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The truth in diversity: every difference is different | MercatorNet | July 14, 2017 | MercatorNet |

The truth in diversity: every difference is different

| MercatorNet | July 14, 2017 | MercatorNet |

The truth in diversity: every difference is different

Is there any standard for the healthily human?
Philip Devine | Jul 14 2017 | comment 

We are constantly asked to celebrate diversity, but if we talk too much about the ways human beings differ and why these differences are important, we are likely to be accused of stereotyping.  Diversity is, or at least so I have argued, a false goddess. But human beings are nonetheless a diverse lot.
Every difference is different.  Sometimes our differences are biological, sometimes they are chosen, and sometimes they are matter of social construction.  The lines between these kinds of difference will always be contested. And since we are social beings, even socially constructed differences are in a sense natural.  As Roger Scruton pointed out in his Sexual Desire, the fact that a difference is socially constructed does not mean that it either can or should be abolished.
Sex is a natural difference if anything is.  To deny its human importance would require us to ignore the social importance of sexuality and reproduction. Gay men and lesbians are different sorts of people in ways that lead to tensions between the two groups. (See Dudley Clenenden, Out for Good, and Sarah Miles and Eric Rofes, eds., Opposite Sex.)
As Aristotle made clear long ago, rare cases of chromosomal abnormality and anomalous genitals do not change the fact that we are a two-sexed species: dogs are four legged animals although there are three-legged dogs. Even post-operative transsexuals retain, in every cell of their bodies, the reminder that, biologically speaking, they are of the sex with which they were born.  The sex war, though exaggerated by radical feminists, is not entirely a myth.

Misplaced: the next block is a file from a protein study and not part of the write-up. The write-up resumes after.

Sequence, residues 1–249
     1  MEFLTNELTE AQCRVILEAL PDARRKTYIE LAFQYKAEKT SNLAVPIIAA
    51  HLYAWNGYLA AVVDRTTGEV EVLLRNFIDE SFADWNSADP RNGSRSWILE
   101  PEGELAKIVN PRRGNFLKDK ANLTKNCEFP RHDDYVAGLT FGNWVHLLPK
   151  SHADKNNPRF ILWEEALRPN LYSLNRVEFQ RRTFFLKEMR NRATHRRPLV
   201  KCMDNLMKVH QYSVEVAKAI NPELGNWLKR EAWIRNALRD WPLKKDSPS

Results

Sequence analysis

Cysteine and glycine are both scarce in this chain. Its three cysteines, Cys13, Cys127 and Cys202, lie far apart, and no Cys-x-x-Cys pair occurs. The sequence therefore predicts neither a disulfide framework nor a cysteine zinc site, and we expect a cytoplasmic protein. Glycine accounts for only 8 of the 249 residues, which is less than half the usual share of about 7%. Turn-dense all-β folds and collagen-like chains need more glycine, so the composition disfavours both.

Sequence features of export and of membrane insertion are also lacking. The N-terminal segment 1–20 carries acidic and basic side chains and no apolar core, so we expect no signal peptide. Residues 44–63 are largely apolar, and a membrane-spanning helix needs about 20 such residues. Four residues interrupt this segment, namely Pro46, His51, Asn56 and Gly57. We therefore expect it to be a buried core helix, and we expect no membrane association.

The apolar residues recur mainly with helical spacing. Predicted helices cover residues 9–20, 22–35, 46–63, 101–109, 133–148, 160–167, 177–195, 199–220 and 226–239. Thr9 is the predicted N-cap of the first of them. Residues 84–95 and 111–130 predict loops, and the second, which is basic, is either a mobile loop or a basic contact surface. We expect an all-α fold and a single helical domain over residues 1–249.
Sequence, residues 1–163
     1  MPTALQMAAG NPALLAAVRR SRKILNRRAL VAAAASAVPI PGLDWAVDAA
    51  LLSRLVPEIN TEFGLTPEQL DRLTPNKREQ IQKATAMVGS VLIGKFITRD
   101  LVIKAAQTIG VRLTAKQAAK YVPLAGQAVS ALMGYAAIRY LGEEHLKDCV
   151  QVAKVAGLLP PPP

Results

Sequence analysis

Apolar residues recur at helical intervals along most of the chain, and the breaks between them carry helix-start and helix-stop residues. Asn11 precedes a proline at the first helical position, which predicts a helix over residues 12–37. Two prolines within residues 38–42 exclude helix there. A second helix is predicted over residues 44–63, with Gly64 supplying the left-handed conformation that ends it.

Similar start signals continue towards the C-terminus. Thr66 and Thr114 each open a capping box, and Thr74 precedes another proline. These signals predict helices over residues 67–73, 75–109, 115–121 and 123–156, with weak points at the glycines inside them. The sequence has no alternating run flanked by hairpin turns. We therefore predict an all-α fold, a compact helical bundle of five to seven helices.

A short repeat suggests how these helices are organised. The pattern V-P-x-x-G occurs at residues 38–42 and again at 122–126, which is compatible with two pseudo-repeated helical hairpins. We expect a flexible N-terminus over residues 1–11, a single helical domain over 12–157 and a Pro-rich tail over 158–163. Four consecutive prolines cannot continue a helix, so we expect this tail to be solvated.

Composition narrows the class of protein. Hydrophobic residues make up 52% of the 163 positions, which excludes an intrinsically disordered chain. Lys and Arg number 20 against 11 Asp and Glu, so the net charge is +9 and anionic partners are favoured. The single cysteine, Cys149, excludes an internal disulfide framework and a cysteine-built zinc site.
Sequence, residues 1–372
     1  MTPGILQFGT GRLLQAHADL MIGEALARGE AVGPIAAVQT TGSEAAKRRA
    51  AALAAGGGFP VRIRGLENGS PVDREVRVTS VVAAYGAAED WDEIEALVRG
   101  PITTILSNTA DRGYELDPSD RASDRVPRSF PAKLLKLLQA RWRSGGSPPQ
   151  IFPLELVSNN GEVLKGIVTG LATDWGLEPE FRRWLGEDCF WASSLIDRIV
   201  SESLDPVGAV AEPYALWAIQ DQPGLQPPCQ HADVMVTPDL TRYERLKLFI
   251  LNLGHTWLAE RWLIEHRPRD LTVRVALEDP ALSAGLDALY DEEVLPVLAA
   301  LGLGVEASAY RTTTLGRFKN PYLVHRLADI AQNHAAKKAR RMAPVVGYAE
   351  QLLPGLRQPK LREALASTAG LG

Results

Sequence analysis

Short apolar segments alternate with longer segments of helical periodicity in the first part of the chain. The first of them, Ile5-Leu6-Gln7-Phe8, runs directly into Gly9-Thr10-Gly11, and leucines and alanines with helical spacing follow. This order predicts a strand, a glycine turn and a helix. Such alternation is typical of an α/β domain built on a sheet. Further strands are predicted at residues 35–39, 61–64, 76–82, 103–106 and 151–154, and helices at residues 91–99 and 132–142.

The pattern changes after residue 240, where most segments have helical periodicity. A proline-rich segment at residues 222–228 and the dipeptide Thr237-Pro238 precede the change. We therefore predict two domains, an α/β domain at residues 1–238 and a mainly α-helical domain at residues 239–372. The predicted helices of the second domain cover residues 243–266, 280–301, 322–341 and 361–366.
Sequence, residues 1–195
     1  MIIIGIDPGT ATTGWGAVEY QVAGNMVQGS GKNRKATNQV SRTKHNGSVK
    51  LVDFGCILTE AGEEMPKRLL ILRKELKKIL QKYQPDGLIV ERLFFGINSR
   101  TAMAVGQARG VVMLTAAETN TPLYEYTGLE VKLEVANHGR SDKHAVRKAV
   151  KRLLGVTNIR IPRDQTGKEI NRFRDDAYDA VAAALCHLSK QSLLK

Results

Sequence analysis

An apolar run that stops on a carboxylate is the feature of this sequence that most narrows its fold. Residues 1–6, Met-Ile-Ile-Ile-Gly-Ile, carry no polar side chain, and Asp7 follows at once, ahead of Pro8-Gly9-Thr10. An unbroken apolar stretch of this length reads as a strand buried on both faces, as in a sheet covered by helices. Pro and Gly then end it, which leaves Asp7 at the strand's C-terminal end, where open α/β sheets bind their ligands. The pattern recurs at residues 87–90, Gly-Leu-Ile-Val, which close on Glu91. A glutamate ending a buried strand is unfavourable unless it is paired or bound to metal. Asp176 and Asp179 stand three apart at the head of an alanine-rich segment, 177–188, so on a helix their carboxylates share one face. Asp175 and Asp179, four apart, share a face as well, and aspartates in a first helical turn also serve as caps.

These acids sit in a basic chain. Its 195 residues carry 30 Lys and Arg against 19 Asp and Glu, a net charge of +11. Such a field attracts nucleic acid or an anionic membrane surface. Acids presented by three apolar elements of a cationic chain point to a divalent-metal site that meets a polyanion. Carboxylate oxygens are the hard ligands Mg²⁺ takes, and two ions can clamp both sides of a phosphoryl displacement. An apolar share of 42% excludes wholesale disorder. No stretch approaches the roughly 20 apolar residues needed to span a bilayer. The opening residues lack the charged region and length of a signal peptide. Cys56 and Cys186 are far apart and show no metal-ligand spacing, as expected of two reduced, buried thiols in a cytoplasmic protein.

Gender on the other hand refers to the ways in which individuals and societies have understood and responded to the facts of sex difference (see my collection Sex and Gender with Celia Wolf-Devine). There are more of these than the 58 recognized by Facebook. The formula LGBTQ + opens up into an endless array of possibilities, including A for adulterer, F for foot fetishist, I for intersex, for narcissist, for sex worker, and P for pedophile. 
In our world, there are aggressively masculine, sometimes promiscuous men, women whose whole lives center on reproduction and childrearing, monogamous spouses of both sexes, some of them childless;  self-described nymphomaniacs, asexual men, gay celibate priests, bisexual men  who find happiness with a woman, lesbians who become heterosexual because they want children and a man to help care for them, heterosexual women who become lesbian for political reasons, family men who cheat on their wives with men, and many other possibilities besides. Which of these represent healthy human possibilities is an urgent question.
It is a mistake to speak of gender, or to count genders, unless we are talking grammar.  And nothing follows about which gender configurations are healthy and which ones are not. Gender ideology is an attempt to exercise the will to power, individual or collective, on the facts of biology, often sponsored by the same people who insist on the ‘inconvenient truth’ of climate change.
One diversity officer remarked that no one knows what diversity is, but racial diversity is at least unmistakable. But it is not clear what counts as a race. Are Hispanics a race? And if so are Cubans Hispanics? (See here for a No answer.) Are Middle Easterners and North Africans?